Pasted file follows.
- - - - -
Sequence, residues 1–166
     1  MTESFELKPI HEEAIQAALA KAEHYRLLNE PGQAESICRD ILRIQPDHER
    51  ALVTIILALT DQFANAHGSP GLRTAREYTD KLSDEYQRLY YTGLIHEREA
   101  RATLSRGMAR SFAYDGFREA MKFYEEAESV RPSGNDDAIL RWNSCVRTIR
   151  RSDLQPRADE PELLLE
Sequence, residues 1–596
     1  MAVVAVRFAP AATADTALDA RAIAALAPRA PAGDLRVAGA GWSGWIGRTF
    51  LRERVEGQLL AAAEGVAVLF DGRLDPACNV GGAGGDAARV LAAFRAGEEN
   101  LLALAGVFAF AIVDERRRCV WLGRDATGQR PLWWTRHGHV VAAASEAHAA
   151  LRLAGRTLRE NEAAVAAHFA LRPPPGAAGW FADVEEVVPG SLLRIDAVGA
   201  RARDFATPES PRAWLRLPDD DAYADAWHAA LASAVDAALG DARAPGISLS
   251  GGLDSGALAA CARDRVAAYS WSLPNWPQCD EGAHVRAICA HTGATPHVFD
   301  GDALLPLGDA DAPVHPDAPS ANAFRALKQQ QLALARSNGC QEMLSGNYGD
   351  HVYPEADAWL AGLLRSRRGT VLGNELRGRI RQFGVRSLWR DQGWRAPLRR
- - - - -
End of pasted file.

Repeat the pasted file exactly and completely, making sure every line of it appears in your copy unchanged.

Sequence, residues 1–166
     1  MTESFELKPI HEEAIQAALA KAEHYRLLNE PGQAESICRD ILRIQPDHER
    51  ALVTIILALT DQFANAHGSP GLRTAREYTD KLSDEYQRLY YTGLIHEREA
   101  RATLSRGMAR SFAYDGFREA MKFYEEAESV RPSGNDDAIL RWNSCVRTIR
   151  RSDLQPRADE PELLLE
Sequence, residues 1–596
     1  MAVVAVRFAP AATADTALDA RAIAALAPRA PAGDLRVAGA GWSGWIGRTF
    51  LRERVEGQLL AAAEGVAVLF DGRLDPACNV GGAGGDAARV LAAFRAGEEN
   101  LLALAGVFAF AIVDERRRCV WLGRDATGQR PLWWTRHGHV VAAASEAHAA
   151  LRLAGRTLRE NEAAVAAHFA LRPPPGAAGW FADVEEVVPG SLLRIDAVGA
   201  RARDFATPES PRAWLRLPDD DAYADAWHAA LASAVDAALG DARAPGISLS
   251  GGLDSGALAA CARDRVAAYS WSLPNWPQCD EGAHVRAICA HTGATPHVFD
   301  GDALLPLGDA DAPVHPDAPS ANAFRALKQQ QLALARSNGC QEMLSGNYGD
   351  HVYPEADAWL AGLLRSRRGT VLGNELRGRI RQFGVRSLWR DQGWRAPLRR